1910 Columbus streetcar strike

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1910 Columbus streetcar strike
Streetcar Strike of 1910.jpg
Crowd during the strike
DateJuly 24 – October 18, 1910
Caused byLow wages, long hours, fired workers
Methods Strike, riot
Resulted inUnsuccessful, workers returned to work or left for work elsewhere
Parties to the civil conflict
Columbus Railway and Light Co.
John J. Mahoney Detective Agency
Death(s)1 [1]
Arrestedat least 24 [1]

The 1910 streetcar strike was a union protest against labor practices by the Columbus Railway and Light Co. in Columbus, Ohio in 1910. [2] The summertime strike began as peaceful protests, but led to thousands rioting throughout the city, injuring hundreds of people. [3]



Conditions for the streetcar workers were difficult at the time. The operators worked for only 19–20 cents per hour, worked 60–65 hours per week, and worked for years without a day off. These conditions led to a high turnover rate, [4] yet the job was not complicated and workers could be easily replaced, prompting the adverse working conditions. [2] The Columbus Railway and Light Co. paid its riders to report on irregular employee activities, and the company would not require hearings before firing employees for dishonesty. In early 1910, 35 employees of the company met with manager E.K. Stewart, requesting increased wages. The company fired the entire group as a result. In March, about half of the Columbus Railway and Light Company's employees formed a local chapter of the Amalgamated Association of Street and Electric Railway Employees labor union. The union sought the reinstatement of the 35 workers, along with pay raises, better working conditions, and job stability. The streetcar company chose a hardline position, with no compromise offered. [4]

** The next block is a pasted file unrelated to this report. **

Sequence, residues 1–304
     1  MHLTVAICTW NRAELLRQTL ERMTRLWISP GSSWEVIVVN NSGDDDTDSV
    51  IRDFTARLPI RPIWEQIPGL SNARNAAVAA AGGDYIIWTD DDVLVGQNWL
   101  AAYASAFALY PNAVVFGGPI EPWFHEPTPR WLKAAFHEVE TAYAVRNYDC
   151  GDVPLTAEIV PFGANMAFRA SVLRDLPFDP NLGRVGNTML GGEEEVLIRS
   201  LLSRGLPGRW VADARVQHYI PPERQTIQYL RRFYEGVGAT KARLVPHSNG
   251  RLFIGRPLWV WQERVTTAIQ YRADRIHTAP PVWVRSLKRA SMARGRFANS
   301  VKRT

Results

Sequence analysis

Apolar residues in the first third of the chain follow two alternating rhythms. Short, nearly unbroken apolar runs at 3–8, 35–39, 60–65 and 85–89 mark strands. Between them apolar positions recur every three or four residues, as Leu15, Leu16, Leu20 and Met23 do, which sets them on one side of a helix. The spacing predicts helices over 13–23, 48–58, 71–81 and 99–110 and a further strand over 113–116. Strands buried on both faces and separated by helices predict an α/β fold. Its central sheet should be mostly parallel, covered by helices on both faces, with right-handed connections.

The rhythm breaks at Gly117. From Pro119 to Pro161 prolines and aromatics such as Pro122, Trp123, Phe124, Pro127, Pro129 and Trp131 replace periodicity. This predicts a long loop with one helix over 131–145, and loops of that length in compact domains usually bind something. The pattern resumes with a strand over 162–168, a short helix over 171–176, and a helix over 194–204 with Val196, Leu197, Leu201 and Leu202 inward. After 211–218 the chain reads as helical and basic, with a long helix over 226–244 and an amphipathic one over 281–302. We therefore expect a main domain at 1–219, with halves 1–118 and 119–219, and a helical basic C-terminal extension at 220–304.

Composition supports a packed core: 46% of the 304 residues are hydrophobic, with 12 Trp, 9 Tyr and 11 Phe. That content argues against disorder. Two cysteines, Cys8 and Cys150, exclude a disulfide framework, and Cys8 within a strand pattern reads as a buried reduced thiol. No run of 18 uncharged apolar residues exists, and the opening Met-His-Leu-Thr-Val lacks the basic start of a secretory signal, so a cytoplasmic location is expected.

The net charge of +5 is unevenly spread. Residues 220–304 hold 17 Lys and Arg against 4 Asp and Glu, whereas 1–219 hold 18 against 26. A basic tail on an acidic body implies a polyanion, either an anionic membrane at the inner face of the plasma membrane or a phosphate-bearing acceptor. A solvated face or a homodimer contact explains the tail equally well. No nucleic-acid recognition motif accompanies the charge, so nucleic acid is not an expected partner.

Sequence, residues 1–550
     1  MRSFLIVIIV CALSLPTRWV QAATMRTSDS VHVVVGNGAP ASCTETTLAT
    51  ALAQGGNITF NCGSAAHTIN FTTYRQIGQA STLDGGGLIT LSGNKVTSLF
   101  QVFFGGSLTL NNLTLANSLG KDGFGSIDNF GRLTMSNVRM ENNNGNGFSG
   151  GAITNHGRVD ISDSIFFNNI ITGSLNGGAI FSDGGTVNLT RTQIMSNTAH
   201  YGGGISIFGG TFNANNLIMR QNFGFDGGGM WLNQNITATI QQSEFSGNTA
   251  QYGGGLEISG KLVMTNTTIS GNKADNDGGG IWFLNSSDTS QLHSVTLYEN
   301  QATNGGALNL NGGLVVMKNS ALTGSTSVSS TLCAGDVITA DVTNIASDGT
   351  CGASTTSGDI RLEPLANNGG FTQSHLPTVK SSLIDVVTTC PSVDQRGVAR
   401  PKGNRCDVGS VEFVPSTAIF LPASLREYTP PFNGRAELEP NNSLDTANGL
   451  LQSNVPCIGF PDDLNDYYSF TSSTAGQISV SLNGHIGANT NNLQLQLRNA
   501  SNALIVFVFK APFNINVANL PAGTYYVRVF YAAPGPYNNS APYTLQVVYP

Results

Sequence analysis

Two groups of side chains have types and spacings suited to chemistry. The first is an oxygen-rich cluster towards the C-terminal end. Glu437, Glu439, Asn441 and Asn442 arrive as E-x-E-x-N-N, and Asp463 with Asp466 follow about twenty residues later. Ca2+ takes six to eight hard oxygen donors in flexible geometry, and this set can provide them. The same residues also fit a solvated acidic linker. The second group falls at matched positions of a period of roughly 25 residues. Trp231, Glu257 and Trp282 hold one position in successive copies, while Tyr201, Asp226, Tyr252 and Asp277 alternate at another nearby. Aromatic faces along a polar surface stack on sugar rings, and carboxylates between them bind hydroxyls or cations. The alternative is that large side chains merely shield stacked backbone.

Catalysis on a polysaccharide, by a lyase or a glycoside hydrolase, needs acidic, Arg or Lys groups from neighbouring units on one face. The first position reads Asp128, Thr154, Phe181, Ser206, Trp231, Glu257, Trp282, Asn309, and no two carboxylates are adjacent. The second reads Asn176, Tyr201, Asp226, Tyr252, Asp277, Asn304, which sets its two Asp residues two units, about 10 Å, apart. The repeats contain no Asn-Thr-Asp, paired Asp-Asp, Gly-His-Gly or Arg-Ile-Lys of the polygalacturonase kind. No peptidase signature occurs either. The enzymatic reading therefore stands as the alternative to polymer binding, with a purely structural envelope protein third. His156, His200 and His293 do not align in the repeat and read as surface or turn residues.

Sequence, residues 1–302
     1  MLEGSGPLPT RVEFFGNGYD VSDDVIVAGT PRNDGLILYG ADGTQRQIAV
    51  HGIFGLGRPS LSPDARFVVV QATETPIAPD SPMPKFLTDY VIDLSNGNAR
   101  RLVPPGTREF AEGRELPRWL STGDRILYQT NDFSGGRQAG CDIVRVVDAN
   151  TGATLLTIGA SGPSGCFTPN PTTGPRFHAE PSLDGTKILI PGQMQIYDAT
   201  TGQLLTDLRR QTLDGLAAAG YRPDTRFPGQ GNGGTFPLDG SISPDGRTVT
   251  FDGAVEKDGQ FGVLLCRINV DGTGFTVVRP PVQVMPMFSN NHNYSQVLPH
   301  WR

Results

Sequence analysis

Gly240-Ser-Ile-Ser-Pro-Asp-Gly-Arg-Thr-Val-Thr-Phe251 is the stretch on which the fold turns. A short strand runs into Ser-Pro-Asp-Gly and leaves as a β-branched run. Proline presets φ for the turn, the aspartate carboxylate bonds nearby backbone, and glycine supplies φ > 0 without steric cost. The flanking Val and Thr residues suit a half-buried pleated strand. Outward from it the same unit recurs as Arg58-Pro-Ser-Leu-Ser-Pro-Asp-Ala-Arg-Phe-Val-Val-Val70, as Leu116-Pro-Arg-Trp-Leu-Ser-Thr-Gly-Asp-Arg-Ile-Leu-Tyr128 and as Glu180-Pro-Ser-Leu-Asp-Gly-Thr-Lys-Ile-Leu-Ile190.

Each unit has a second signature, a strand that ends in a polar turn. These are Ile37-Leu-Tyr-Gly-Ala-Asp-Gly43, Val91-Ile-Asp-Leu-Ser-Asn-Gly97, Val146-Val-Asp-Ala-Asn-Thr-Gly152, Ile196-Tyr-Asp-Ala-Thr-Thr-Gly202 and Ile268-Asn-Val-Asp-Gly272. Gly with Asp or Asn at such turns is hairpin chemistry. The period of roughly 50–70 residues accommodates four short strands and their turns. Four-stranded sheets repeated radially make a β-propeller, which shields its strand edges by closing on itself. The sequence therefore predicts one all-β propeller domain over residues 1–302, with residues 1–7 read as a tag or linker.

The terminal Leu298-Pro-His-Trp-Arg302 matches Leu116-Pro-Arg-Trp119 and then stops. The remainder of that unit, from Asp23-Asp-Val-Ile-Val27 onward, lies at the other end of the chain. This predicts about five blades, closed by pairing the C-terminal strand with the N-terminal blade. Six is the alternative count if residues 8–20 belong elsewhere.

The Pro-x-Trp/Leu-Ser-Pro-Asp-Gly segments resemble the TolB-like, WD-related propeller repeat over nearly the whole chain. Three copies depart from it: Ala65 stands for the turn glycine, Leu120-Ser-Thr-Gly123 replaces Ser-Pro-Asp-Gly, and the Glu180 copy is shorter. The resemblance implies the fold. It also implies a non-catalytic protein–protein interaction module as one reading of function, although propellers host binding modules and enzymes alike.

1st Ohio Regiment camp on the Statehouse grounds 1st Ohio Regiment at Ohio Statehouse during streetcar strike.jpg
1st Ohio Regiment camp on the Statehouse grounds
Damaged streetcar after the strike Street Car Strike, Columbus, Ohio - 1910..jpg
Damaged streetcar after the strike

The public primarily sided with the union. The Columbus Chamber of Commerce, anticipating conflict, hosted a mandatory meeting between the union and company in June 1910. On July 23, its hearings concluded, finding that both parties were partly at fault, and that a peaceful resolution should be found. The meeting mostly added to tensions, however, and the strike began the next day at 4 am. The union's chapter had grown to 600 members by this point. They planned to not show up for work, instead selling union buttons around the city and picketing the company's streetcar barns. The streetcar company chose to hire strikebreakers at $30 per week, over double the standard wage of $12.50. They also hired a special policing force, supplied by the local John J. Mahoney Detective Agency, to protect the streetcars and facilities. The strike ended up more serious, as crowds barricaded streetcar tracks and threw bricks and rocks into the streetcars. The company police responded with gunfire. That night, 76 people were arrested, though riots continued on the following day. Mayor George Sidney Marshall called in about 5,000 members of the Ohio National Guard. The troops kept order in the city until their departure on August 7. More rioting then took place, with shootings, barricades, stonings, and empty streetcars blown up with dynamite. It led to the National Guard returning, and the union and public more so aiming for a peaceful end to the riots. Still, about 3,000 to 4,000 strikers, sympathizers, and disrupters continued to riot. It led to a bad public image of the city, hurting business activity, and worrying the city planning for a state fair in September. On October 18, the union admitted defeat, and its 570 striking workers either returned to work or moved to work elsewhere in Columbus, or for Cleveland streetcar companies. [4]

See also

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  1. 1 2 Tebben, Gerald (July 28, 2012). "Columbus Mileposts: July 28, 1910: Streetcar strike turns violent; troops sent in". The Columbus Dispatch. Retrieved January 12, 2021.
  2. 1 2 Lentz, Ed (2003). Columbus: The Story of a City. The Making of America Series. Arcadia Publishing. pp. 88–89. ISBN   9780738524290. OCLC   52740866.
  3. Lentz, Andrea Durham (1970). "The Question of Community: The 1910 Street Car Strike of Columbus, Ohio". The Ohio State University. Retrieved January 12, 2021.
  4. 1 2 3 "The Dark Side of Columbus' Streetcar Era". Columbus Neighborhoods. April 7, 2017. Retrieved May 13, 2020.

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